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Escape Speed

If we throw a ball upwards, it reaches a certain height and then falls back due to the attraction of the earth. If it is thrown with a greater initial velocity, it rises to a greater height.
We shall show just now that if, somehow, the body is projected with a velocity of about 11.2 km s-1, it will break loose from the earth and never come back.
In other words, it will escape the gravitational pull of the earth and go into outer space. The escape velocity is the minimum velocity with which a projectile must be projected in order that it may escape the earth's gravitational pull. The magnitude of the escape velocity can be deduced as follows.
Consider a body of mass m at a distance r from the centre of the earth of mass M. clearly, the gravitational force acting on the body is
Therefore, the work 'dw' done by the body against the gravitational pull of the earth in moving upward through a further small distance 'dr' is given by

Hence, the total work W done by the body in escaping from the surface of the earth, i.e. in moving to an infinite distance away form it, is given by
w =
Where R is the radius of the earth.
Let υe be the escape velocity. Then the initial kinetic energy of the body is . This must at least be equal to the work done by the body in escaping from the earth. We, therefore, have
The expression can also be written in terms of g, the acceleration due to gravity at the earth's surface.
Putting g = 9.8 ms-2 and m, we have
υe = 11.2 km s-1
For planet Mercury, the escape velocity is about 4.2 km s-1, for Jupiter it is 61 km s-1 and for Moon the escape velocity is 2.3 km s-1.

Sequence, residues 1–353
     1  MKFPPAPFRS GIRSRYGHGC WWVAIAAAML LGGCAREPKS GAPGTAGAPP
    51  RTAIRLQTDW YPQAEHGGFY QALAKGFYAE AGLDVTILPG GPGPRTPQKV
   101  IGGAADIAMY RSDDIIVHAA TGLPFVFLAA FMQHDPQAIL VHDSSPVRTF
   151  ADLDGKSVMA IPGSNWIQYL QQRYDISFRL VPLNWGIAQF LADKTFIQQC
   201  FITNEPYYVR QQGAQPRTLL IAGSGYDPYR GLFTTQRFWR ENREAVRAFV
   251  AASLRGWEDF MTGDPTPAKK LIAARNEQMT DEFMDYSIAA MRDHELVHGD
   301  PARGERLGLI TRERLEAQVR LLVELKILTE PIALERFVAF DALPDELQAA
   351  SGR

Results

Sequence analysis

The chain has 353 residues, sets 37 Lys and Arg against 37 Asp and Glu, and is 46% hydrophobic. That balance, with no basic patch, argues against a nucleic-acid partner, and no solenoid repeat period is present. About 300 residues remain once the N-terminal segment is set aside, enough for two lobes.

An Interesting Consequence of Escape Velocity

The escape velocity is independent of the mass of the body. Thus, very massive rockets and extremely tiny particles (such as the molecules of a gas) will require the same initial velocity to escape from the earth or from any other planet or star.
We shall learn that the molecules of gas move around with a certain average velocity that depends on the nature and temperature of the gas.
For oxygen, nitrogen, carbon dioxide and water vapour, the average velocity at moderate temperatures is of the order of (0.5 to 1.0) 103 ms-1 or (0.5 to 1.0) km s-1, whereas for lighter gases, such as hydrogen and helium it is (2 to 3) km s-1 .
Now, we know that the moon has no atmosphere. The velocity of escape from the moon is about 2.5 km s-1. It is clear that lighter gases, such as hydrogen and helium, whose average molecular velocities are of the order of the escape velocity, will escape from the moon. 
The gravitational pull of the moon is too weak to hold these gases. Thus, in course of time, the gases that were supposed to be present in the atmosphere of the moon, have escaped from it.
The presence of the lighter gases in relative abundance in the atmosphere of the sun should not surprise us in view of the much stronger gravitational attraction of the sun and consequently much higher escape velocity which, for the sun, is about 620 km s-1.

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